Fantasy Football projections autopsy: Where I was right, wrong, calling Trevor Lawrence breakout and more

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Yes, after 20 years of trying, I’m finally getting married. It’s been a long journey — often frustrating — filled with hilarious failures and lessons learned. While I wish I could have gotten here quicker, I learned a lot, making me cherish this next step in life. Where did I go wrong? What correct choices were made to get me to Nicole? As I ask these questions, I think of where I went right and wrong in the 2022 fantasy football projections. It’s not just, “Yay! Nailed It!” or, “Whoops, that stinks.” This is about what hit or didn’t… and why. Let’s look back, and as with my love life, learn what got me here so I can do better in the future.

Quarterback Projections


Trevor Lawrence, JAX: 289.5 FPs, 311.8 Projected — One of my top breakout quarterbacks, I missed Lawrence’s completions by just nine, with yards and touchdowns off by 6-8%. Never underestimate what a coaching change can do, and don’t be too quick to write off top-tier talent after one season. Justin Fields was finally breaking out after the season’s midpoint, and with more weapons, he could follow Jalen Hurts’ path. Tua Tagovailoa is in this conversation with the coaching change and addition of Tyreek Hill helping his breakout this past season.

Kirk Cousins, MIN: 285.6 FPs, 307.2 Projected — I undercut Cousins on volume, but the projected touchdown rate offset those differences. Sometimes, we “know who the quarterback is,” but you can see in the customizable projections how an offense’s pass/run rate and plays per game can be significant factors. If you didn’t use and tinker with them last season, give it a go for 2023, as it can help guide you to potential values.

Jared Goff, DET: 279.0 FPs, 263.8 Projected — Just about 5% off on the passing, but the accuracy in predicting a better passing year for Goff was the reason for this “hit.” The talent shift (additions and health), plus reports that Dan Campbell and staff were planning to pass more, pointed to an uptick in Goff’s volume, and like Cousins, Goff is fairly predictable.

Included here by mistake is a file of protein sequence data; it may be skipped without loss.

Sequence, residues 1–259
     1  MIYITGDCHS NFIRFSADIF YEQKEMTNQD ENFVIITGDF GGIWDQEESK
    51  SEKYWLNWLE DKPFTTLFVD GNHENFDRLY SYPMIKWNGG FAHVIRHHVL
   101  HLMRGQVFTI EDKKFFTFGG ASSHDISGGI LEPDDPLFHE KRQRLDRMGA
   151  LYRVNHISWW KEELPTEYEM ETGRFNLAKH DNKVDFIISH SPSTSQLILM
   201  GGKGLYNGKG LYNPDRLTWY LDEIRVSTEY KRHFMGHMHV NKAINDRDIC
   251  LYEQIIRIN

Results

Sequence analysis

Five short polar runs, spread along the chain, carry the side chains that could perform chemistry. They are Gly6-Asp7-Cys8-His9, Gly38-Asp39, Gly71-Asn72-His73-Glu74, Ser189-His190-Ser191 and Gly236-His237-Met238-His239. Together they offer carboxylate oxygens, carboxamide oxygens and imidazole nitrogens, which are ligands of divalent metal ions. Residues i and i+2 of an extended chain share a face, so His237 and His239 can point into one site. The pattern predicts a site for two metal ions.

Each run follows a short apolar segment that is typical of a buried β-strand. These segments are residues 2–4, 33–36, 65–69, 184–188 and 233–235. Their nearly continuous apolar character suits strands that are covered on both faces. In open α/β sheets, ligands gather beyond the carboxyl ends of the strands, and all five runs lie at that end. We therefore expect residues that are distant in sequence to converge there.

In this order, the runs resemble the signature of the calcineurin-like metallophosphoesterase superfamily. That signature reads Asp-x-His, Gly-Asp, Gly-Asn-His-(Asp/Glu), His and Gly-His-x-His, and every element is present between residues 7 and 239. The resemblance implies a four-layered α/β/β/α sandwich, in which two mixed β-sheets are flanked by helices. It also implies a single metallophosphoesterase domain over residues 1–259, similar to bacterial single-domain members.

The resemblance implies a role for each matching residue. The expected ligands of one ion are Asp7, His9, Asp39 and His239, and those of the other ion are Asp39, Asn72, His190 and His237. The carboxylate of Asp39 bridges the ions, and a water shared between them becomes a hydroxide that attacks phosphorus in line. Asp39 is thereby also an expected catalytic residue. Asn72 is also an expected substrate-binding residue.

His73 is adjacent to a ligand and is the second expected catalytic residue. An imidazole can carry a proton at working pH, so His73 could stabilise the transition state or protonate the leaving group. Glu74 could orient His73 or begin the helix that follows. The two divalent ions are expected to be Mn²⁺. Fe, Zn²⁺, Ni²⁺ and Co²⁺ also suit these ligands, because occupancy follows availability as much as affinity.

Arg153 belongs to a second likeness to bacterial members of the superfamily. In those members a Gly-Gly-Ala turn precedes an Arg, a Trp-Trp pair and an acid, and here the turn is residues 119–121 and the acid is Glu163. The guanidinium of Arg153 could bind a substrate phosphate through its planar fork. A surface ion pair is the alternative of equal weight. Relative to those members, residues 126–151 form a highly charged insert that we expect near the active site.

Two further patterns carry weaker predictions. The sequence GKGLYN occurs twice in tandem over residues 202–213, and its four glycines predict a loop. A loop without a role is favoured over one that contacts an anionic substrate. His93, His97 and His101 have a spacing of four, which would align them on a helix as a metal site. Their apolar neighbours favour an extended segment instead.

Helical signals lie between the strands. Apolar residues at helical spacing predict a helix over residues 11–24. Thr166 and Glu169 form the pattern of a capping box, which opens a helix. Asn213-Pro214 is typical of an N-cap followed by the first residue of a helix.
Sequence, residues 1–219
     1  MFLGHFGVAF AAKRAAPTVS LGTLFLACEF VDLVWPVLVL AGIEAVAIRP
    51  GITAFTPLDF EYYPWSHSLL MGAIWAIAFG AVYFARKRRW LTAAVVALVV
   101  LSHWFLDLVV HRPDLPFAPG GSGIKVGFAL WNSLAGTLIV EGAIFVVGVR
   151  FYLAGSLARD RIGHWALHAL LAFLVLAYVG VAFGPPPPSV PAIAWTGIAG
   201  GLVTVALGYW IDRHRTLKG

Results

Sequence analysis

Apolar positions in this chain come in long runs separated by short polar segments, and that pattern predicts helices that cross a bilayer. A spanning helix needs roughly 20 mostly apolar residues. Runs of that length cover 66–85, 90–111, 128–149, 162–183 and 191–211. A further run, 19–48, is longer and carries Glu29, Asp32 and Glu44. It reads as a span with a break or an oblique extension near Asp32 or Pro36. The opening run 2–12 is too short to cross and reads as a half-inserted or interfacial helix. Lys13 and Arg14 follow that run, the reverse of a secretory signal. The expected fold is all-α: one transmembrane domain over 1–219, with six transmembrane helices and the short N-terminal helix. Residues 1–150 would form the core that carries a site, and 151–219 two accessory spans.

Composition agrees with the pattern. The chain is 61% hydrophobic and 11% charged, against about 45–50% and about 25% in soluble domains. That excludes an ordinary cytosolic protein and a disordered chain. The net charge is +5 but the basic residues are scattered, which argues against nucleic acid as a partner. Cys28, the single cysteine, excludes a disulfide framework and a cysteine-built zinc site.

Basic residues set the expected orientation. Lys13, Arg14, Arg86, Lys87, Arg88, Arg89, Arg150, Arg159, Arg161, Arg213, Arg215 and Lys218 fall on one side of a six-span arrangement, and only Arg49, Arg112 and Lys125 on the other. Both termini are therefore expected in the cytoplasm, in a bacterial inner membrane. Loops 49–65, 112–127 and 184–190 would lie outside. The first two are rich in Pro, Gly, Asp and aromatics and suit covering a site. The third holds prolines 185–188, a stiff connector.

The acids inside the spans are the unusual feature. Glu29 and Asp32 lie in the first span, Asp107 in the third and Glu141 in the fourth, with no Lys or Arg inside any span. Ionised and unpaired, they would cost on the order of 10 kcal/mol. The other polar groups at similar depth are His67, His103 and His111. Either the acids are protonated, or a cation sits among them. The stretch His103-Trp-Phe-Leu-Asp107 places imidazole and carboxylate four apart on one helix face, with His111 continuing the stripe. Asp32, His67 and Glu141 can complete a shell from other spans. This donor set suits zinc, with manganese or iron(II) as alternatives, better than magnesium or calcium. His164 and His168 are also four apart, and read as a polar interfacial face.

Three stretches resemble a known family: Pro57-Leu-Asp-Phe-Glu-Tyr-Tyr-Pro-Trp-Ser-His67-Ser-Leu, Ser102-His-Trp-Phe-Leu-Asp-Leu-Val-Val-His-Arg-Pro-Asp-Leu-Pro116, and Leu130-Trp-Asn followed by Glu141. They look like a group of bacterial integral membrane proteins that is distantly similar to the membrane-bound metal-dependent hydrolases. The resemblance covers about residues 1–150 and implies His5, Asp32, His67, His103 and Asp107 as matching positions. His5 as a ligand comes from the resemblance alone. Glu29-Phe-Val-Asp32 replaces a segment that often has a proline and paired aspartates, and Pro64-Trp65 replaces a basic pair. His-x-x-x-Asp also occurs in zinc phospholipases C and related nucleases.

Jalen Hurts, PHI: 389.0 FPs, 373.9 Projected — I didn’t initially include Hurts because he missed games and fell short of his passing projections by 477 yards and 5 TDs, but he ended up close to projected points because he ran for four more touchdowns. So, 755-9 rushing wasn’t far from 763-13 in theory, but if Hurts played an entire season, he could have easily hit the passing but stomped his rushing by even more. Nevertheless, my boss man Nando yelled at me for not including him, as I had Hurts QB2 in projections and QB3 in rankings (finished QB3 overall and QB1 in FPPG). So, let’s take this as a win (and lesson) — it ties to Lawrence (youth and development), talent additions and the offense designed and developed to enhance ability. Happy, Nando?

Not So Much

Geno Smith, SEA: 303.9 FPs, 220.4 Projected — This significant miss is easy. I don’t include misses (or hits) that involve injuries, but projecting Drew Lock to account for 15% of the quarterback snaps — plus Smith’s great touchdown rate — had Smith way too low. Even without factoring Smith as the all-year quarterback, the move, surrounding talent and offensive style, should have brought more optimistic projections.

Aaron Rodgers, GB: 235.2 FPs, 342.5 Projected — Similar to Tom Brady, Rodgers shows the volatility in projecting the quarterback’s talent 1) to maintain a high level of performance and 2) to make up for lower-level weapons (the latter only applies to Rodgers). The attempts and completions were there for Rodgers, but his YPC and touchdown rate took massive hits.

Russell Wilson, DEN: 224.7 FPs, 322.4 Projected — Wilson draws similarities to Brady, Rodgers and Lawrence, with the Lawrence comparison showing the downside of poor coaching (as with Lawrence’s rookie season). The signs of decline were there for Wilson, so projections should have leaned more toward that trend versus pointing to improvement with a new team and coach. Uncertainty needs to be a factor.

Running Back Projections